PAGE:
×

Announcing: Slashdot Deals - Explore geek apps, games, gadgets and more. (what is this?)

Thank you!

We are sorry to see you leave - Beta is different and we value the time you took to try it out. Before you decide to go, please take a look at some value-adds for Beta and learn more about it. Thank you for reading Slashdot, and for making the site better!

Comments

top

Ask Slashdot: What Does the FOSS Community Currently Need?

menno_h Re:Scratch an Itch (356 comments)

Yes, the last option isn't too useful, but I for one would love an ENIAC emulator.

about 2 years ago
top

Ask Slashdot: What Does the FOSS Community Currently Need?

menno_h Scratch an Itch (356 comments)

All the great FOSS projects so far have come from someone "scratching an itch"; Linux was made because Linus didn't like the networking and terminal emulation on MINIX, gcc was created because Richard Stallman needed a Free compiler. Take that thing that always bothered you, but that you never got around to solving, and solve it.
With a database.

A few examples might be:
-a database management system that actually works (for your own definition of "works")
-an interpreter for the programming language you always wanted to build but never got around to (the standard library for this language comes with a database API)
-port the concept of a database to a platform which has never seen one, eg.: write one in PDP-1 asm, or build a database program for the ENIAC (extra credit if you build your own ENIAC emulator)

about 2 years ago
top

Dutch MP Fined For Ethical Hacking

menno_h Re:Showoff Gets Off Easy (122 comments)

For the non-Dutch: the 50plus party defends the interests of people above 50 years of age. I was quite surprised when I saw him on the Dutch news last year, showing off his "1337 h4x0r sk1llz".

about 2 years ago
top

The status of Java on my machine:

menno_h Re:Not even installed (201 comments)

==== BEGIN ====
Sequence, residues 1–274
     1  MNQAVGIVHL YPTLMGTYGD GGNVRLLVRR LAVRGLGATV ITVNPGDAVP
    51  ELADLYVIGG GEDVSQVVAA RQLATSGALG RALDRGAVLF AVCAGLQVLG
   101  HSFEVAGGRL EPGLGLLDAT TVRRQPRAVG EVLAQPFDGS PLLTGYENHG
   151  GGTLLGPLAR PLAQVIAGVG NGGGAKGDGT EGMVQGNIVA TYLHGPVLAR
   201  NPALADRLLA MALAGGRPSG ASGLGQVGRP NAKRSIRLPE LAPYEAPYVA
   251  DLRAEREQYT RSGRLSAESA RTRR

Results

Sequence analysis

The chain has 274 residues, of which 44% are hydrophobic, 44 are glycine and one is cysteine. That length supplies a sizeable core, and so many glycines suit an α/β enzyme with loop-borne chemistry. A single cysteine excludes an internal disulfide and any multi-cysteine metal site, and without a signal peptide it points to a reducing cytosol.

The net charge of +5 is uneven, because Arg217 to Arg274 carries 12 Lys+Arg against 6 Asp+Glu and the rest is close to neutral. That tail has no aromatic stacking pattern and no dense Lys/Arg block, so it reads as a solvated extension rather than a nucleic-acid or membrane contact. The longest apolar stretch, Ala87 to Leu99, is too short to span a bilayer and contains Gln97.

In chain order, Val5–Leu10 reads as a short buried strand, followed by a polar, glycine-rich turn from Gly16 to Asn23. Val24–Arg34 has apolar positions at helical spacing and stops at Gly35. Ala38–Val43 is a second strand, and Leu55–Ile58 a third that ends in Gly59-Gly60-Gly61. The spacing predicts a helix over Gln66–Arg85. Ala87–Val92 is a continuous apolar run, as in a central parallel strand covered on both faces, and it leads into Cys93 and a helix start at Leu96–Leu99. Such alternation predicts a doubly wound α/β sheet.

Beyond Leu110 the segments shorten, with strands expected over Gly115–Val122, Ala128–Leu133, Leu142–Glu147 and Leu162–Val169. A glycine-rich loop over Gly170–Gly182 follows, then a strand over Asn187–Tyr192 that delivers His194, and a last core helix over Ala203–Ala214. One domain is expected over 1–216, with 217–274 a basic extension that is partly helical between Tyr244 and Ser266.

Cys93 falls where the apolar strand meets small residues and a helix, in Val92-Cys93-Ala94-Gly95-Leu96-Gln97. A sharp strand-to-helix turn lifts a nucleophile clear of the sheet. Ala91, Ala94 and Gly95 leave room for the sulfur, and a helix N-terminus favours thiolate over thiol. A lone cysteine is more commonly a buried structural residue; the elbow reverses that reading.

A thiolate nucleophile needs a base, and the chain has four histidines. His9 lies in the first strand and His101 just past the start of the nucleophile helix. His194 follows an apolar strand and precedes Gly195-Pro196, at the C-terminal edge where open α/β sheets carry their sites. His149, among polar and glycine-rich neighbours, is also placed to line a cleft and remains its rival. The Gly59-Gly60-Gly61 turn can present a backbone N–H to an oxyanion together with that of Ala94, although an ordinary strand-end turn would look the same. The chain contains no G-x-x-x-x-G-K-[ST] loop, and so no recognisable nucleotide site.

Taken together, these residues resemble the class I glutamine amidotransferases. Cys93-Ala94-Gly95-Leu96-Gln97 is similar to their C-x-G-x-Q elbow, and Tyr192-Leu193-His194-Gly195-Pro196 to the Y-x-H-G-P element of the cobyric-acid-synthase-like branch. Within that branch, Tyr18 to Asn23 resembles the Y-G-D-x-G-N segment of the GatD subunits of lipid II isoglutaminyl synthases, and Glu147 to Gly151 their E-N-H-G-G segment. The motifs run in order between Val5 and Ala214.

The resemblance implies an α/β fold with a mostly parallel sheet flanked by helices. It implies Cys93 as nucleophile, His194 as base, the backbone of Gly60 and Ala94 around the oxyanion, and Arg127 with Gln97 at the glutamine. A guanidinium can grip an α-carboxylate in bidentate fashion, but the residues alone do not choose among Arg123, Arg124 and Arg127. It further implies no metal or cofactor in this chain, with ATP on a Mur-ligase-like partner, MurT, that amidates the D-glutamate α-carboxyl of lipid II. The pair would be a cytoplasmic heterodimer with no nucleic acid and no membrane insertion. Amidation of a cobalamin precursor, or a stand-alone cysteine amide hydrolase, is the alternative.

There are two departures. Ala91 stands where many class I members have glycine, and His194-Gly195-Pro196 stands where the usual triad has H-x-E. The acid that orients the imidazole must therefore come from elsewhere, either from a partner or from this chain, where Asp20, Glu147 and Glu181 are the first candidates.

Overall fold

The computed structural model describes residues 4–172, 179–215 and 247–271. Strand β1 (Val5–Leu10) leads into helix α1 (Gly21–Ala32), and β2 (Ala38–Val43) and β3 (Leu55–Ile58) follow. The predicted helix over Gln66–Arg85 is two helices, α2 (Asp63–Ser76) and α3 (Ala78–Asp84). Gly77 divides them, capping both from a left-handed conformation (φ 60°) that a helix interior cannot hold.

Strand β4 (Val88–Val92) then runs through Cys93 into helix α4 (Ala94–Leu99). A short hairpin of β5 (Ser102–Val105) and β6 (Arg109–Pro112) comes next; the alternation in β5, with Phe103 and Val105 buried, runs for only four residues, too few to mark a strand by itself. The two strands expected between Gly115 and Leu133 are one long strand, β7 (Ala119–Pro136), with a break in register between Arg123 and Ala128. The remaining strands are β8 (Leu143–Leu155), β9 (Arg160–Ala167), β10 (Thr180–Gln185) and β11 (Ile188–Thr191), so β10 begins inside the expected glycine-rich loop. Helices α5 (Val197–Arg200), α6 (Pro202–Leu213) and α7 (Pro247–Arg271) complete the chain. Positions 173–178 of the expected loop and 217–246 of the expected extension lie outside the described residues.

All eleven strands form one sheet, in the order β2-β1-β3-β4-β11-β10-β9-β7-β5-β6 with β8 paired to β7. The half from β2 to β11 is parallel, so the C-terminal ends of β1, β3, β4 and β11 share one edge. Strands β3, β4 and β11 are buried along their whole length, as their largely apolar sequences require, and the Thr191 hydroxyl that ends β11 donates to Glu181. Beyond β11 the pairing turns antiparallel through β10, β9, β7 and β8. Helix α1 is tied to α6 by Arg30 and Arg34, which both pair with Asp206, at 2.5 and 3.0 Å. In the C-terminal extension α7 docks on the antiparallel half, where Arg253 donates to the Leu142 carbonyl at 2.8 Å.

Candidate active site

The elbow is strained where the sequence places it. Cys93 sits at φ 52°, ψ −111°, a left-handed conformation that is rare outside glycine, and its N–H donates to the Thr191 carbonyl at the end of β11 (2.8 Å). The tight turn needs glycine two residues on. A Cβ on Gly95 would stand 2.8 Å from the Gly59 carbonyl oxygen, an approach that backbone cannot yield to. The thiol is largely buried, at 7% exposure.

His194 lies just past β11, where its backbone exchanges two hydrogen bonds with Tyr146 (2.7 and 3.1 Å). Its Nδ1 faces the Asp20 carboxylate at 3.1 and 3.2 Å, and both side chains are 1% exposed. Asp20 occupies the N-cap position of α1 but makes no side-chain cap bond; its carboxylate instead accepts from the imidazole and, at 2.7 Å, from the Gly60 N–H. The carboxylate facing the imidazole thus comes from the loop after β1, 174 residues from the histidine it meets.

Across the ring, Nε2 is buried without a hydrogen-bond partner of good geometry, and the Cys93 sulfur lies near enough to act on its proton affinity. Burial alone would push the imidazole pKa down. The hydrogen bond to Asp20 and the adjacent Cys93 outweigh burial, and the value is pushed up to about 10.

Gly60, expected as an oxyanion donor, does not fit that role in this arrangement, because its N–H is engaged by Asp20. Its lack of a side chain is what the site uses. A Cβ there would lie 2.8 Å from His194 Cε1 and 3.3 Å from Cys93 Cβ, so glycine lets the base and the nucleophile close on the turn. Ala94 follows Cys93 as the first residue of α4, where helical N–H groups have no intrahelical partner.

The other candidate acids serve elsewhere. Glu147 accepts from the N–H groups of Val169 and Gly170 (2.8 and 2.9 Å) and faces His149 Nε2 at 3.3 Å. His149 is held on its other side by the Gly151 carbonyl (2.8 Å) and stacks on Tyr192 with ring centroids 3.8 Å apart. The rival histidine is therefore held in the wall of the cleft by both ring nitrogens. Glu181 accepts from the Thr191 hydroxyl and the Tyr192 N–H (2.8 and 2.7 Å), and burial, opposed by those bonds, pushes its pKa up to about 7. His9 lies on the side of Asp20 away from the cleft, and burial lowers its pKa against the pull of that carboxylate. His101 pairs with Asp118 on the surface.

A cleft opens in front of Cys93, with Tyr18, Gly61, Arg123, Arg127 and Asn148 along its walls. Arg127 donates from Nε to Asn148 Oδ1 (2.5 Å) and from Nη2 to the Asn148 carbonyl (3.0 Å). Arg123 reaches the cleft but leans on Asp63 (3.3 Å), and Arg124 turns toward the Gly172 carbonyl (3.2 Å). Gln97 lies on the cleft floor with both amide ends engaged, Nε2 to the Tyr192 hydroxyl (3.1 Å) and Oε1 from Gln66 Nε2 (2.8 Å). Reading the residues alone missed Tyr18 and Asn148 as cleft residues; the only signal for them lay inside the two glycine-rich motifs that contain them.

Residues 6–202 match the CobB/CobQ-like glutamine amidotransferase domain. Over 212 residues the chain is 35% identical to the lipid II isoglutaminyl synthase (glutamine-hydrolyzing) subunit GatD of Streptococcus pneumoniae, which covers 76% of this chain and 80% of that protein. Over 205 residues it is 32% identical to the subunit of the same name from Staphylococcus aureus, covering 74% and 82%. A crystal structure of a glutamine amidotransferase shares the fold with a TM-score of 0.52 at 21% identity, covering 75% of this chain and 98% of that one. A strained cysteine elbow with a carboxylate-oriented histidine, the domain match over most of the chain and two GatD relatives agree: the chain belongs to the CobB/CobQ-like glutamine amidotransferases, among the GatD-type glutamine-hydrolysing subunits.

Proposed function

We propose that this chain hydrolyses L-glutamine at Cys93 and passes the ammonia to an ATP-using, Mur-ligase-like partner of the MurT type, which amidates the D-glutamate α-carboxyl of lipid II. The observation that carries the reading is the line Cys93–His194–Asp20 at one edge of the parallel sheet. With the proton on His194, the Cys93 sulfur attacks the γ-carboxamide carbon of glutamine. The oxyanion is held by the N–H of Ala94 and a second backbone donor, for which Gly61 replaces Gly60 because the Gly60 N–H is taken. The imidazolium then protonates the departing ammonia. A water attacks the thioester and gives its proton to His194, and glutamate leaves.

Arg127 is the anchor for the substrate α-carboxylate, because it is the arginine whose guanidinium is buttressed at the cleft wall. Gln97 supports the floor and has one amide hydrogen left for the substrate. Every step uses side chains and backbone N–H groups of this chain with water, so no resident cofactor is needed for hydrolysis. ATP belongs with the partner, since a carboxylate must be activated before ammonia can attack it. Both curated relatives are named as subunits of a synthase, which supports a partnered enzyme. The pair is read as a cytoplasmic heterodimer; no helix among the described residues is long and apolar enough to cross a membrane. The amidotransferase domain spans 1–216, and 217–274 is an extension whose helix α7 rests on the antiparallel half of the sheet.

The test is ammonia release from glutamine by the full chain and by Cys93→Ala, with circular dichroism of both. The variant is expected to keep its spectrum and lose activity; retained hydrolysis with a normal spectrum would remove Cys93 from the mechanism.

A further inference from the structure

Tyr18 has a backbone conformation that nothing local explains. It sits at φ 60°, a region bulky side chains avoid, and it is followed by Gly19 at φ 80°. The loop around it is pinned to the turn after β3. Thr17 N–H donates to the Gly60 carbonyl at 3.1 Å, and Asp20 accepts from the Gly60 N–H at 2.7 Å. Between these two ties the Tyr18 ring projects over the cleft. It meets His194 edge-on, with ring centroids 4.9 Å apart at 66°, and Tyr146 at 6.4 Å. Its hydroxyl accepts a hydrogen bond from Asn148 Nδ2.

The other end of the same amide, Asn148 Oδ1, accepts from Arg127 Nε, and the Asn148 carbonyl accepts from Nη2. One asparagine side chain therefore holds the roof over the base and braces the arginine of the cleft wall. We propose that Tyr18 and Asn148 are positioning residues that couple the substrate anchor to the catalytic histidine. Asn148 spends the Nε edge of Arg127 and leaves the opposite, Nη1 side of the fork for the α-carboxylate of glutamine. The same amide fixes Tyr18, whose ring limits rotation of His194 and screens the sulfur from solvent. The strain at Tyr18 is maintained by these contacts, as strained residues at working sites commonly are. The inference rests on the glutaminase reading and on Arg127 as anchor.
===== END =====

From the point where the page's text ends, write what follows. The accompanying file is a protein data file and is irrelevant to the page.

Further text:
No useful web site seems to need it, and my own work is in Python, C/C++, Go, or JavaScript.

Same thing here.
I hate the language; real men compile their code to real binaries (or have it interpreted from human-readable text files).

about 2 years ago
top

Hacktivism: Civil Disobedience Or Cyber Crime?

menno_h Re:MLK and friends went to jail as well (243 comments)

If you're saying it shouldn't illegal for me to break into a school's wiring cabinet and hook up my laptop to get access to things, you're a moron.

There are perfectly valid laws against burglary and breaking and entering. If Aaron Swartz were persecuted for that, no one would complain. The problem is that he was not; he was being persecuted for computer fraud and he was facing a longer prison sentence than someone who assists a terrorist group in building a nuke (20 years max), while his "computer crime" was totally victimless.
Bradley Manning did commit a nonvictimless crime. He stole secret documents, but in doing this he uncovered some far more horrible crimes of the American army. He might be a criminal, but he does not deserve a 10-year prison sentence.

about 2 years ago
top

Aaron Swartz Commits Suicide

menno_h Re:I didn't know him... but this is beyond words. (589 comments)

A man who fought for my freedom has died.
The Three Bills which he defied,